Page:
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Tuesday, November 8, 2016

SWEETWATER WETLANDS

SWEETWATER WETLANDS, TUCSON
The Santa Catalina mountains viewed from the wetlands
Not so long ago, the area surrounding Tucson's Sweetwater Wetlands was home to dusty croplands and tumbling tumbleweeds. This desert expanse along the usually dry* channel of the Santa Cruz River provided little in terms of quality wildlife habitat. Recognizing an opportunity to transform the site into a desert oasis with a multi-faceted set of objectives, the City of Tucson constructed the wetlands to serve as a water reclamation facility that recharges the local aquifer and provides reclaimed water for reuse in city turf irrigation thus conserving potable water for human consumption. The project also restores and protects important plant and animal ecosystems. According to the Tucson Audubon Society, more than 300 bird species have been spotted at the site. Warblers, waterfowl, song sparrows and wading birds are drawn to the watery, green oasis along with critters like racoons, deer, reptiles and amphibians.
The site is an oasis of water-loving plants and trees
Finally, the wetlands provide an outdoor classroom with recreational trails and interpretive signs enhanced by Discovery Program Journeys-- an activity developed by Tucson Water and the University of Arizona Project WET that allows guests to access information on botany, wildlife and hydrology by using a QR code smart devise app to scan posts placed at points of interest on the trails. Additionally, Tucson Audubon Society conducts year-round bird walks on Wednesday mornings. Check their website for times.
View from an observation deck
For the casual hiker, the property's pair of half-mile loop trails and a barrier-free paved walkway lead to observation decks and peek-a-boo sites with benches for spying on waterbirds among house-high cattails. Additional cottonwood-and-willow-shaded routes around the perimeter provide up to 2.5 miles of flat, easy hiking opportunities.
* Tucson Water has announced plans to divert some surface flow back to the river beginning in 2017. Stay tuned for updates.
LENGTH: 2.5 miles
RATING: easy
ELEVATION: 2250' - 2265'
HOURS: open daily from one hour before sunrise to one hour after sunset.
The site opens late (8:30 a.m.) on Monday mornings from late March thru mid-November due to scheduled mosquito control operations.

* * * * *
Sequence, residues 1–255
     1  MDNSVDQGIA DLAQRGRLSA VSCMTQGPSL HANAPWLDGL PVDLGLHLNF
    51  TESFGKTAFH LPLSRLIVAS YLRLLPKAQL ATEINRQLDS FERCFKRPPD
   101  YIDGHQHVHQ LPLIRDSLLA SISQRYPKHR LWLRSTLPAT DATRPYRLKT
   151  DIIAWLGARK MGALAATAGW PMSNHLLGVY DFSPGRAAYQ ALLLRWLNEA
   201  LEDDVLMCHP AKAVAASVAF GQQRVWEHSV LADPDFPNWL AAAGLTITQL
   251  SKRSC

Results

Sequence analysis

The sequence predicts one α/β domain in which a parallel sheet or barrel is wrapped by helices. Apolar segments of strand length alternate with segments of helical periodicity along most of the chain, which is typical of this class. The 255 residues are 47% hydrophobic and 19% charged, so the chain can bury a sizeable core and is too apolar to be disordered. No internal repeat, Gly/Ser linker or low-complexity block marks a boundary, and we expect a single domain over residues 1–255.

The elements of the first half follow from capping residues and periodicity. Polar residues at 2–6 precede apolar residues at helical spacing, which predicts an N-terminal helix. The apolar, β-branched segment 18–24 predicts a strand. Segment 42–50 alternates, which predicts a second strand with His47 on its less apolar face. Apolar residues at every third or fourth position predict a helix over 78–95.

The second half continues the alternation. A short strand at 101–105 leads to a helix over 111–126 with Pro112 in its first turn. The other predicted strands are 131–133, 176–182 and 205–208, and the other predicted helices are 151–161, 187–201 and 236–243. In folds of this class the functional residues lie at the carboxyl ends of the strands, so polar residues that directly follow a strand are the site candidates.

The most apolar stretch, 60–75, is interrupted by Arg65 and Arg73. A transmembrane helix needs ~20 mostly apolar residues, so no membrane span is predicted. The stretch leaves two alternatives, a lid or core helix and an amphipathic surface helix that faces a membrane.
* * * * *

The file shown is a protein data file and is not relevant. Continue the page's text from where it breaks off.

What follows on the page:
FACILITIES: restrooms, drinking fountain, seating, information kiosk
RULES: No dogs or bike riding allowed.
GETTING THERE:
Resident waterfowl float happily in a pond
From Interstate 10 in Tucson take the Camino Del Cerro/Ruthrauff Road exit 252. At the bottom of the off ramp, continue straight ahead on the frontage road past the Camino Del Cerro intersection and go 1.2 miles and turn right on Sweetwater Drive. The parking area is 0.2 mile Go 0.2 mile and look for the Sweetwater Wetlands entrance on the left (there is a small parking lot on your left and a larger one on your right).
INFO & MAP:
City of Tucson
Tucson Audubon Society Bird Walks:
Arizona Project WET

Monday, November 7, 2016

SWEETWATER PRESERVE

SWEETWATER PRESERVE: TUCSON
Saguaro Vista Trail

Protecting a critical wildlife corridor between the Tucson Mountains and the Santa Cruz River, Sweetwater Preserve also complements a trail-rich area of west Tucson that includes Saguaro National Park and Tucson Mountain Park. Within the 880-acre property, 16 interconnected trails combine for over 12 miles of non-motorized-use routes. For a smallish site, the trails are surprisingly varied. Based on conversations I had with local hikers and riders in the parking lot, the Saguaro Vista Trail is the best place to start exploring. Turns out, that was great advise as this cactus-cluttered pathway gets you into the good stuff quickly. Within a few minutes of mild uphill hiking, views of the Santa Catalina Mountains rising over downtown Tucson and a wildly contorted crested saguaro provide ample photo opportunities.
Santa Catalina Mountains viewed from Black Rock Loop
The trail then swings northwest where the graceful arms of chain fruit cholla and Palo verde trees frame the mounds of Wasson and Amole Peaks. Although Saguaro Vista lives up to its popularity hype, the fun doesn't end there. Each trail junction within the preserve is marked with excellent map signs that make finding your way around a cinch. The signs show a mind-boggling menu of trails that might leave you wondering which way to go. No worries though, there are no bad choices. For instance, Black Rock Loop shirts the preserve's far north sector for expansive views and a walk among jumbled basalt outcroppings. Lost Arrow Trail contours foothills above the gorge of Sweetwater Wash while The Spine traces a decommissioned road atop a sunny ridgeline. Take your pick, each trail has it's own flavor and scenic qualities making for a perfect way to spend an hour or a day in the desert.
View of Tucson Mountains from Saguaro Vista Trail
The Spine
LENGTH: 12.93 miles total
RATING: easy-moderate
ELEVATION: 2466' - 2680'
HOURS: dawn to dusk daily
Dogs must be on leash and owners must pick up and pack out waste.
GETTING THERE:
Wildflower Ridge
Sweetwater Trailhead: 4001 N. Tortolita Road Tucson.
From Interstate 10 in Tucson, take the El Camino Del Cerro/Ruthrauff Road exit 252. At the bottom of the off ramp, head right (west), go 2.6 miles to N. Tortolita Rd, turn left and continue
1 mile to the trailhead.
INFO & MAP: Pima County Parks & Recreation